“The district will have additional counselors at the school to provide support to students and staff beginning on Friday.”

On Feb. 15, after a service was held at Mowery Funeral Service Chapel, Benedict was buried at Ridgelawn Cemetery in Collinsville.

LGBTQ advocates and others are angered by the death, the misgendering in local media and the fact that the school district, which has been previously targeted by the far-right anti-LGBTQ extremist Libs of TikTok’s creator Chaya Raichik, seems unable to grapple with anti-LGBTQ bullying.

Raichik was named to sit on an Oklahoma committee reviewing school library content by far-right leaning State Superintendent of Schools Ryan Walters.

In 2022, Raichik targeted a now former Owasso 8th grade teacher for speaking out in support of LGBTQ students who lacked acceptance from their parents. That teacher, Tyler Wrynn, was labeled a “groomer” and a predator in social media posts.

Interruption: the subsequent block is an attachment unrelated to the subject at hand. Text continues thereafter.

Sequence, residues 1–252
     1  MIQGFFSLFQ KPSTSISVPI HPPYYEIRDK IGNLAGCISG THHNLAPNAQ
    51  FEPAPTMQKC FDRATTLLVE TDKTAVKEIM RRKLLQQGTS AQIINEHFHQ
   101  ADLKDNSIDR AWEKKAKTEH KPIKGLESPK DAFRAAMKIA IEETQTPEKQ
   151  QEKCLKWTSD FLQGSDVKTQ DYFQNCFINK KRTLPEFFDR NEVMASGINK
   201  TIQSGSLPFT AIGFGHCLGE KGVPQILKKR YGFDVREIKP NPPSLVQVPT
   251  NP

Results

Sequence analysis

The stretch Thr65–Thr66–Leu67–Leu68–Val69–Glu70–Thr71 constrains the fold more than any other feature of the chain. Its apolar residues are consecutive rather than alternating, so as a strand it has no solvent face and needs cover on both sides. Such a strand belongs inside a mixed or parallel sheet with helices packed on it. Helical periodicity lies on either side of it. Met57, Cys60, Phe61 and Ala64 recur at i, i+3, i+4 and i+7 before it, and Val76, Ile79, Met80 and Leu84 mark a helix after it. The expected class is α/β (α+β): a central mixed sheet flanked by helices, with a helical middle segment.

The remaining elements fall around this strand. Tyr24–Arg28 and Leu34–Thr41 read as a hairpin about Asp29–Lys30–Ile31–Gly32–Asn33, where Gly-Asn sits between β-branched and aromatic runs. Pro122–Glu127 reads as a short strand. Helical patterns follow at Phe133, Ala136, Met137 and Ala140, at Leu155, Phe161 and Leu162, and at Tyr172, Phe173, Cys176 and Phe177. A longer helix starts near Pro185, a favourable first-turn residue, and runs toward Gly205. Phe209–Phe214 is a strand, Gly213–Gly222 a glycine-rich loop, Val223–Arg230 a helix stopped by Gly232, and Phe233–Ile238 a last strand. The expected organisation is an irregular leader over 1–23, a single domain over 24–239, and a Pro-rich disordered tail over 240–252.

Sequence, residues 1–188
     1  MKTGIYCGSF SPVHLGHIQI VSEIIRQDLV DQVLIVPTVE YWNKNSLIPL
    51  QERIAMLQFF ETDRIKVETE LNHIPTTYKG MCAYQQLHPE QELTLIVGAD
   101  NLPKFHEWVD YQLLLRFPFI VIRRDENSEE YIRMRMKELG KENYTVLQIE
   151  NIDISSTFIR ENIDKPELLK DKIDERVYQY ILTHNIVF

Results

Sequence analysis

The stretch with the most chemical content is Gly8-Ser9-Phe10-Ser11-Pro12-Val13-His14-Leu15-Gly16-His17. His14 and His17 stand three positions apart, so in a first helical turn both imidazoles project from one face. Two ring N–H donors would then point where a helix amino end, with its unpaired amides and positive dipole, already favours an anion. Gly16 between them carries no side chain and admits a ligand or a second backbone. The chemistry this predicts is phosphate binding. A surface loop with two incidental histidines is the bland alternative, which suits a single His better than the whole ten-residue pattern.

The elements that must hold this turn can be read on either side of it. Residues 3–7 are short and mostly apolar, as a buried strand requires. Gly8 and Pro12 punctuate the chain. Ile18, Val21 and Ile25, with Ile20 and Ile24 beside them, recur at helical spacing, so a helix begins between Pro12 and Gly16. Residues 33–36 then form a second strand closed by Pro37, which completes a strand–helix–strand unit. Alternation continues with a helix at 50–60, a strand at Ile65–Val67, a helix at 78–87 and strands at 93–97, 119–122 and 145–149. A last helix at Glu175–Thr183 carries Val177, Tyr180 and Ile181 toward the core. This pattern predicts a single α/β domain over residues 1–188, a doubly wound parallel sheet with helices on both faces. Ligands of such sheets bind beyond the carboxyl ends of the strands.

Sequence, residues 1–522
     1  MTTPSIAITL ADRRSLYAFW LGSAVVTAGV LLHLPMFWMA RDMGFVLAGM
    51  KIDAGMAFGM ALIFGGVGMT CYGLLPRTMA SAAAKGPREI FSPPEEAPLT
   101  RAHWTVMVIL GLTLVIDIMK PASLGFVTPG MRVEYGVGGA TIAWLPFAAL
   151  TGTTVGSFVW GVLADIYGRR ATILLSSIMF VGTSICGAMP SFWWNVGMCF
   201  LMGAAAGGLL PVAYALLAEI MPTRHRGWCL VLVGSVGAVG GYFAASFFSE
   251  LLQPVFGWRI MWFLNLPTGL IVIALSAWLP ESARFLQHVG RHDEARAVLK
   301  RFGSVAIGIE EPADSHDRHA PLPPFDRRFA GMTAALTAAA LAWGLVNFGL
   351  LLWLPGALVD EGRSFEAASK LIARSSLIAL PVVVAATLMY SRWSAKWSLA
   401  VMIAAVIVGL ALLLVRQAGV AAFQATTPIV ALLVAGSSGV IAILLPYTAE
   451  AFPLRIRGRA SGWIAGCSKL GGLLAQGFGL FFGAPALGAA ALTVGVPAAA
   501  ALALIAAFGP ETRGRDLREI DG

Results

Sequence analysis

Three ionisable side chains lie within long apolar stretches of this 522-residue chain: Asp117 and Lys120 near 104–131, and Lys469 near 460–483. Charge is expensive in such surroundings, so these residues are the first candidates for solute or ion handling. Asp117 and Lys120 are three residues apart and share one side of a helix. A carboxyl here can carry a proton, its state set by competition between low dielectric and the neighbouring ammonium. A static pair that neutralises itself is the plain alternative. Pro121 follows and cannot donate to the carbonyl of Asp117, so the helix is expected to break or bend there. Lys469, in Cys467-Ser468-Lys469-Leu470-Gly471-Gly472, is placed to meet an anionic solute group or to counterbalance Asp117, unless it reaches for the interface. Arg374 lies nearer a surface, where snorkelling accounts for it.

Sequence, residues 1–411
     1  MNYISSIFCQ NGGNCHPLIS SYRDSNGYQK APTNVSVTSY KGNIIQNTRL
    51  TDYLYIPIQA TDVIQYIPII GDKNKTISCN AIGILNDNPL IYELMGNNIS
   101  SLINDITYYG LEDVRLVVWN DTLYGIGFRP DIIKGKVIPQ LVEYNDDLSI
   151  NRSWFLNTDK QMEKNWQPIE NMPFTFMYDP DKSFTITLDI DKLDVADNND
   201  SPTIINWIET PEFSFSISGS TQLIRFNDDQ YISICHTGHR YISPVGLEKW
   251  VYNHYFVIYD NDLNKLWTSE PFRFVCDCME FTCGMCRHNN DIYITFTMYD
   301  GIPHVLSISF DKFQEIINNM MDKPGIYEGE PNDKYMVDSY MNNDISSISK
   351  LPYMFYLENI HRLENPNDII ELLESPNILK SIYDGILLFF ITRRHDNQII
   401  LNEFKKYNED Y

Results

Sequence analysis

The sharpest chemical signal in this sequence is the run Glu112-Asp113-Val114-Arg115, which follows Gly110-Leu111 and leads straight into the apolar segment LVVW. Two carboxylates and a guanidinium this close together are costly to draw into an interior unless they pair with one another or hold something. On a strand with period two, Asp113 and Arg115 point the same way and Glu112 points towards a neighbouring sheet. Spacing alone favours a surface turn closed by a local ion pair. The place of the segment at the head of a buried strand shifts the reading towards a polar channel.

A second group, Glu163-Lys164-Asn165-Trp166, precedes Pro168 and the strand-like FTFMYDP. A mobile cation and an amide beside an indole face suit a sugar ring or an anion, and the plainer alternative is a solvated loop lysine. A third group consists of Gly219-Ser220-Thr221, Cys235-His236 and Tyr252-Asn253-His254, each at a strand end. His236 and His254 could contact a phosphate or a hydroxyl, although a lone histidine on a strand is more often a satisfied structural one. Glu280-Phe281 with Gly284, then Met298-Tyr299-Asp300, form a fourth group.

According to LGBTQ advocacy groups, Raichik’s endless targeting only seems to encourage more violence against LGBTQ youth. 

Lance Preston, the CEO of the Indianapolis-based Rainbow Youth Project, which has been working to assist queer youth in the state, posted a video expressing his frustration and anger over this death and the other anti-LGBTQ violence.